What can you do to save money? :

By Hayes Knight – 22 June 2010

SMEs and householders can make choices and take action to lessen the impact of increased electricity and fuel costs caused by the Emissions Trading Scheme.

These actions will reduce greenhouse gas emissions and also give health benefits. Some of these choices can be made now and take little effort or investment; others take more investment and effort but have larger potential benefits.

  • Inflate your tyres correctly and you’ll use up to five per cent less fuel.
  • Walking and cycling are ideally suited to short trips. It is good exercise and can save you money on fuel.
  • When buying appliances, look for the energy rating label and the ENERGY STAR mark to help you save money and electricity – the more stars on the energy label, the better the energy efficiency.
  • Switch off appliances at the wall – the average household could save about 10 per cent on its power bill if appliances on standby were switched off.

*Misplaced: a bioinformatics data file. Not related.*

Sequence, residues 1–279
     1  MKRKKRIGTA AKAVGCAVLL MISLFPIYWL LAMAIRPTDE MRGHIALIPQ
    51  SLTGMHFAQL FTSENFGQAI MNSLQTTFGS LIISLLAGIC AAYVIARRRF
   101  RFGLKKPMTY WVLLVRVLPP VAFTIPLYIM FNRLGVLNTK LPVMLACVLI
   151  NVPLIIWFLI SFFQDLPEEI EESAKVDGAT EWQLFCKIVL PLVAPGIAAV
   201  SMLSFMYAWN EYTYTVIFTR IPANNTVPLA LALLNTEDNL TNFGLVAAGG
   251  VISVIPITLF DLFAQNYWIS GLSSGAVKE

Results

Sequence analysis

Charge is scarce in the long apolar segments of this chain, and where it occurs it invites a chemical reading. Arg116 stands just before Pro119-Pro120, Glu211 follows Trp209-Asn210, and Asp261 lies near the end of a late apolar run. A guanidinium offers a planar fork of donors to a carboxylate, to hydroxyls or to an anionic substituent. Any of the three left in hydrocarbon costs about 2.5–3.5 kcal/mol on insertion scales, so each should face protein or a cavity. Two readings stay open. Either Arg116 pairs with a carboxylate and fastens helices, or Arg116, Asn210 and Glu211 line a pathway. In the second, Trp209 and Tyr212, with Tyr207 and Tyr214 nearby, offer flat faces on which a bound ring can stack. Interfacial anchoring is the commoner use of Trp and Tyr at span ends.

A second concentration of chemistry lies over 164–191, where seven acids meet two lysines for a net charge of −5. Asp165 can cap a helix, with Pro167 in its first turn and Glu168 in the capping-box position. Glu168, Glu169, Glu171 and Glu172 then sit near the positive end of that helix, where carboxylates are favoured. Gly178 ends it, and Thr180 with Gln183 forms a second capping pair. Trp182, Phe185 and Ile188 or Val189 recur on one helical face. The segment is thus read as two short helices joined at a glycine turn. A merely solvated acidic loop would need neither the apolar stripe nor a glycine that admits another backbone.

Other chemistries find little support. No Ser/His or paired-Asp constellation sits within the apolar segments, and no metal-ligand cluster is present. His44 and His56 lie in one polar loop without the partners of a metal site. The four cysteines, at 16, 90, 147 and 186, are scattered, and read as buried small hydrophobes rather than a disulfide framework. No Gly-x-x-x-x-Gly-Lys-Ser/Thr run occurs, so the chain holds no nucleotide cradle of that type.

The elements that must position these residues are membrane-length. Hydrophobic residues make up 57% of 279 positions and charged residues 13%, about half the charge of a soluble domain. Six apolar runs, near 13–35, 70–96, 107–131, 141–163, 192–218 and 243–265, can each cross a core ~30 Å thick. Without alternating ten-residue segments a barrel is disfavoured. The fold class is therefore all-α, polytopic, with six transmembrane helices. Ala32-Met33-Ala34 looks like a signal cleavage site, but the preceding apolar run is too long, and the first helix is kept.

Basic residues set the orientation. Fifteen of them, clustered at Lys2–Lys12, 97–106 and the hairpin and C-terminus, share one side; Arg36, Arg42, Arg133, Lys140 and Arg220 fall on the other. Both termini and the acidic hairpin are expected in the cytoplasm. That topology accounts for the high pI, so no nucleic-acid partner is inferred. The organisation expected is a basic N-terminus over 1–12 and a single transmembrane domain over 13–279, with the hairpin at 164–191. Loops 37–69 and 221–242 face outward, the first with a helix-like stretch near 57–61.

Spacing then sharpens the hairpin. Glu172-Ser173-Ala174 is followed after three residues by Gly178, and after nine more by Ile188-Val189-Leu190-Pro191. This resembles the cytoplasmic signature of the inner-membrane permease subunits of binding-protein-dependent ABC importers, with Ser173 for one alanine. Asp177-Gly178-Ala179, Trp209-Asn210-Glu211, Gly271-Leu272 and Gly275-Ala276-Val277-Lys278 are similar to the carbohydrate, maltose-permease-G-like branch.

• A well-insulated home takes less energy to heat – ceiling insulation can save you up to $400 a year.
  • Consumer has developed a free tool called Powerswitch. It enables consumers to enter in their data and see which supplier can offer the cheapest plan. It helps to complete this assessment with a recent power invoice in front of you. www.consumer.org.nz/powerswitch
  • Fuel$aver is a useful website that provides information to compare the fuel consumption of different vehicle models. The website enables drivers to calculate vehicle fuel costs by considering their vehicle model, the distance travelled, the kind of fuel that is used, and their driving habits. Visit www.fuelsaver.govt.nz
  • The Right Car website offers advice on choosing cars that use less fuel, produce lower emissions and have improved safety features.
  • The Government introduced the Warm Up New Zealand: Heat Smart scheme on 1 July 2009, which contributes 33% of the cost of insulation in homes built before 2000, up to a maximum of $1,300. Funding may also be available for installing clean heat devices. This scheme can benefit small business owners who use their homes as offices.
  • Funding is available from the Energy Efficiency and Conservation Authority for installing a solar water-heating system. This is either in the form of a contribution of up to $1,000 towards the cost of a loan to pay for the system, or a one-off payment of $1,000 towards the cost of installing a new system. To find out more about the criteria, visit www.energywise.govt.nz or call 0800 762 7837.

For further information on saving money and maximising profits. Contact a Hayes Knight adviser.

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